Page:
|Istanbul nightclub shooting
|Part of the Turkey–ISIL conflict
The Reina nightclub in Istanbul in 2012
Istanbul nightclub shooting (Istanbul)
Istanbul nightclub shooting (Turkey)
||1 January 2017
||Patrons at Reina nightclub
||Islamic State of Iraq and the Levant (ISIL)
At 01:15 am local time on 1 January 2017 a gunman shot and killed at least 39 people and wounded at least 70 others at the Reina nightclub in the Ortaköy neighbourhood of Istanbul, where hundreds had been celebrating the new year. Uzbekistan-born Abdulkadir Masharipov was arrested in Istanbul on 17 January 2017. Islamic State of Iraq and the Levant claimed credit for his actions. The first hearing in the trial of Masharipov and 51 accused accomplices was held on 11 December 2017, and the next hearings was held on 26 March 2018.
From the 2016 northern summer, the Islamic State of Iraq and the Levant (ISIL) had been under pressure and had sustained significant territorial losses due to three parallel offensives: the Turkish-Free Syrian Army Western al-Bab offensive and Battle of al-Bab, the Syrian Democratic Forces' Northern Raqqa offensive, and the Battle of Mosul in Iraq. The Turkish military intervention in Syria was the first military confrontation between ISIL and the Turkish Army, raising tensions.
Before the nightclub attack, heightened security measures had been put in place in Istanbul, with 17,000 police officers on duty, following several attacks in the area, including the attack on the Istanbul Atatürk Airport on 28 June 2016 which killed 48 people, and a bombing at the Vodafone Arena on 10 December 2016 which killed 46.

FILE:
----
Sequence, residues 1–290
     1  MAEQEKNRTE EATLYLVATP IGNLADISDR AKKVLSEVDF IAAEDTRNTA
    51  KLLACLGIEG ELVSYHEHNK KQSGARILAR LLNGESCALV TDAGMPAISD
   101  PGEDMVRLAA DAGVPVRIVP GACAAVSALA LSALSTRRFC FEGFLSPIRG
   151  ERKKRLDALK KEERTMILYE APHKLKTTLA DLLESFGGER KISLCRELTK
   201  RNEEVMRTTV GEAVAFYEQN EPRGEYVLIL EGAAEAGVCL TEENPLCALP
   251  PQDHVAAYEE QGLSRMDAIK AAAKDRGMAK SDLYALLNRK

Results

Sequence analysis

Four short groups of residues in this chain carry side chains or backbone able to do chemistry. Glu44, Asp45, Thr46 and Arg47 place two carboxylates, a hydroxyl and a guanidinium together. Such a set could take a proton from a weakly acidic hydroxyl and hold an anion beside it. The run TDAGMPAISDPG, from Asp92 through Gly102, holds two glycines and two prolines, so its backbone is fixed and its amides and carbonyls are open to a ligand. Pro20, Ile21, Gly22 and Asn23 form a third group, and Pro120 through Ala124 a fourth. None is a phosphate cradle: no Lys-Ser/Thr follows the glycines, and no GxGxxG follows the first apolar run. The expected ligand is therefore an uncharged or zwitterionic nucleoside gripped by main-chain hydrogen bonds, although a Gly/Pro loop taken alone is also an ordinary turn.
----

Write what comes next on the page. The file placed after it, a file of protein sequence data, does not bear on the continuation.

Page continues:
Location of the shooting in Istanbul, Turkey
Position of the attack, Reina nightclub
A gunman opened fire in the nightclub at about 01:15. He reportedly carried an AK-47 rifle and, after killing a police officer and a bystander at the entrance, he entered the club shooting, allegedly dressed up as the mythical character Santa Claus. The attacker reportedly spoke Arabic as the attack was taking place, and shouted the Arabic phrase "Allāhu akbar" during the attack. He reportedly fired more than 180 rounds during the seven-minute attack, and used stun grenades to aid in reloading. After the assault, he went into the kitchen, changed his clothes, and escaped by blending in with the crowd.
At the time of the attack, about 600 people were at the nightclub to celebrate the New Year. Thirty-nine people were killed, including the police officer on duty at the club entrance, and at least 70 others were injured. A number of people jumped into the waters of the Bosphorus strait to escape the attack. In the aftermath, police set up a cordon around the nightclub.
Istanbul's governor Vasip Şahin said the incident was a terrorist attack. The Turkish government ordered a temporary media blackout, citing concerns over security and public order.
In response to the attack, the Turkish military carried out attacks against ISIL targets in the Syrian town of al-Bab. 22 people are claimed to have been killed in the raids.